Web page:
No End in Sight to the War-Spawned Chaos Engulfing Afghanistan
Continued from previous page
The tactic of “shooting and talking,” central to the surge, has produced lots of casualties but virtually zero dialogue—hardly a surprise. That approach has never worked in Afghanistan.
Part of the problem is that the call for talks is so heavily laden with caveats and restrictions—among them that the Taliban must accept the 2004 constitution and renounce violence and “terrorism”—that it derails any possibility of real negotiations.
However, Taliban leaders argue that the 2004 constitution was imposed from the outside, and they want a role in re-writing it. And they denounced international terrorism five years ago.
As Anatol Lieven—a King’s College London professor, senior researcher at the New American Foundation, and probably the best informed English-language writer on Afghanistan—points out, Americans consistently paint themselves into a corner by demonizing their opponents.
That, in turn, leads to “a belief that any enemy of the United States must inevitably be evil. Not only does this tendency make pragmatic compromises with opponents much more difficult (and much more embarrassing should they eventually be reached), but, consciously or unconsciously it allows the US government and media to blind the US public, and often themselves, to the evils of America’s own allies.”
For instance, the United States will not talk with the Haqqani group, a Taliban ally, even though it is the most effective military force confronting the NATO occupation. The same goes for Iran, even though Teheran played a key role in organizing the 2003 Bonn conference that led to the formation of the current Kabul government.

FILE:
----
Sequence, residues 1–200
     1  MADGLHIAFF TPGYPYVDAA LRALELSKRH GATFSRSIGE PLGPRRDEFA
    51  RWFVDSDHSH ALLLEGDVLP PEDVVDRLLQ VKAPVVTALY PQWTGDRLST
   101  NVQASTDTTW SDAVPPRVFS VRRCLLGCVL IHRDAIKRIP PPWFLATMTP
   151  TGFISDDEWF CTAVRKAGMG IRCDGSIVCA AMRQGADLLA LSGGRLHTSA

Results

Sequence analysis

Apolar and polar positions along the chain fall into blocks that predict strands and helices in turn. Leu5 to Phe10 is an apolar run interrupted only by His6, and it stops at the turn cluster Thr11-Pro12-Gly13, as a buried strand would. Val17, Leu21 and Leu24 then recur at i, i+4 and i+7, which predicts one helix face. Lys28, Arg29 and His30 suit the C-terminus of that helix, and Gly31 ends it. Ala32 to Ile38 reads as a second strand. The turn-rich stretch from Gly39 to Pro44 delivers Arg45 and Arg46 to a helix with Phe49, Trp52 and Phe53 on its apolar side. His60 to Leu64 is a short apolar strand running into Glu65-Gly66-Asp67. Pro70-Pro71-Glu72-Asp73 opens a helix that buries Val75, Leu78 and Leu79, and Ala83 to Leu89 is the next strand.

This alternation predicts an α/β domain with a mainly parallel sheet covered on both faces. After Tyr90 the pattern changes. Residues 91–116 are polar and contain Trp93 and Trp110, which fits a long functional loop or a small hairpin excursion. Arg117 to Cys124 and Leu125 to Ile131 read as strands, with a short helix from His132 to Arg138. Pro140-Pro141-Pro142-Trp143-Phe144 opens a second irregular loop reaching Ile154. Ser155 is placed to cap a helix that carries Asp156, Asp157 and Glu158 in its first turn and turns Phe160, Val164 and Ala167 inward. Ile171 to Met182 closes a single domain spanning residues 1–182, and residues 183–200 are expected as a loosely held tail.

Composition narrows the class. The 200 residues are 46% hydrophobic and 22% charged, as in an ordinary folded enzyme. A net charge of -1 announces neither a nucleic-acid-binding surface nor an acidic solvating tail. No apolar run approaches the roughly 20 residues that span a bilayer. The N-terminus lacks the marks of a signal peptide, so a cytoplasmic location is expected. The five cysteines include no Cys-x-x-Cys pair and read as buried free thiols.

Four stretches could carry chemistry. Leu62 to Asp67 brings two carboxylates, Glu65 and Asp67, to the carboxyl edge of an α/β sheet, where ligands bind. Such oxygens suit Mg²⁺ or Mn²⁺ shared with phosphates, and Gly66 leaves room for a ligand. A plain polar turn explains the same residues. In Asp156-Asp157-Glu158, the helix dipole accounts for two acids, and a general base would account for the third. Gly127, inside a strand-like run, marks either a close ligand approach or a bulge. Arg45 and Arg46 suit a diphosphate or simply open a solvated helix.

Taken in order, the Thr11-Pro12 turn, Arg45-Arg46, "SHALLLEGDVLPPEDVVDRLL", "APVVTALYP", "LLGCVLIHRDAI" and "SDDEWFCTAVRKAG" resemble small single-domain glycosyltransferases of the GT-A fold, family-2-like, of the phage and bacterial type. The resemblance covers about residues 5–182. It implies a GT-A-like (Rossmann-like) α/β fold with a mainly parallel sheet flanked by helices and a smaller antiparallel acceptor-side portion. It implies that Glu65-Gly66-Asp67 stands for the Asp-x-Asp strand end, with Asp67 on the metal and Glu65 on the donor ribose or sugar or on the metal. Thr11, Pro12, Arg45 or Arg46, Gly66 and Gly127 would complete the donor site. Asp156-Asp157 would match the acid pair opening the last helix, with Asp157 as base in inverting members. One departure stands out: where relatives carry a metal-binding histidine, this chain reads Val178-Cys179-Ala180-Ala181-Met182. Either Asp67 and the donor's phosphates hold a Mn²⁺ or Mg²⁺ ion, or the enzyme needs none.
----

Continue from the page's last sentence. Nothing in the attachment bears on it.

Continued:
Iran also has legitimate interests in the current war. Because opium and heroin are not a major problem in the United States, Washington can afford to turn a blind eye to the Afghan government’s alliance with drug dealing warlords. Heroin addiction, however, constitutes a national health crisis in Iran and Russia.
It is not exactly clear what will happen in 2014. While American combat units are supposed to be withdrawn, in accordance with a treaty between NATO and the government of President Harmid Karzai, several thousand U.S. Special Forces, military trainers, CIA personnel, and aircraft will remain on nine bases until 2024. That agreement was the supposed reason for the massive suicide bomb May 16 in Kabul that killed 6 Americans and 16 Afghans. Hezb-i-Islami, an insurgent group based around Kabul and the eastern part of the country, took credit for the attack.
That attack underlines how difficult it will be to forge some kind of agreement.
Hezb-i-Islami pulled off the bombing, but the party’s political wing is a major player in the Karzai government, with its members holding down the posts of education minister and advisor to the president. Hezb-i-Islami leader Gulbuddin Hekmatyar is also a rival of Taliban leader Mullah Omar, and the bombing could just as well have been a maneuver to make sure Hezb-i-Islami has a seat at the table if talks start up. Hekmatyar has offered to negotiate with NATO in the past.
The Taliban itself is divided into several factions, partly because the Americans’ systematic assassinations of high- and mid-level Taliban leaders have decentralized the organization. The Taliban is increasingly an alliance of local groups that may have very different politics.
The Haqqanis have a strong presence in Pakistan, which requires that the organization maintain cordial relations with Pakistan’s Army and intelligence services. They scratch each other’s backs. So any understanding to end the war will have to be acceptable to the Haqqanis and Islamabad. No agreement is possible without the participation of both.
Instead of recognizing the reality of the situation, however, the Obama administration continues to ignore the powerful Haqqanis, sideline Iran, and to alienate the average Pakistani though its drone war.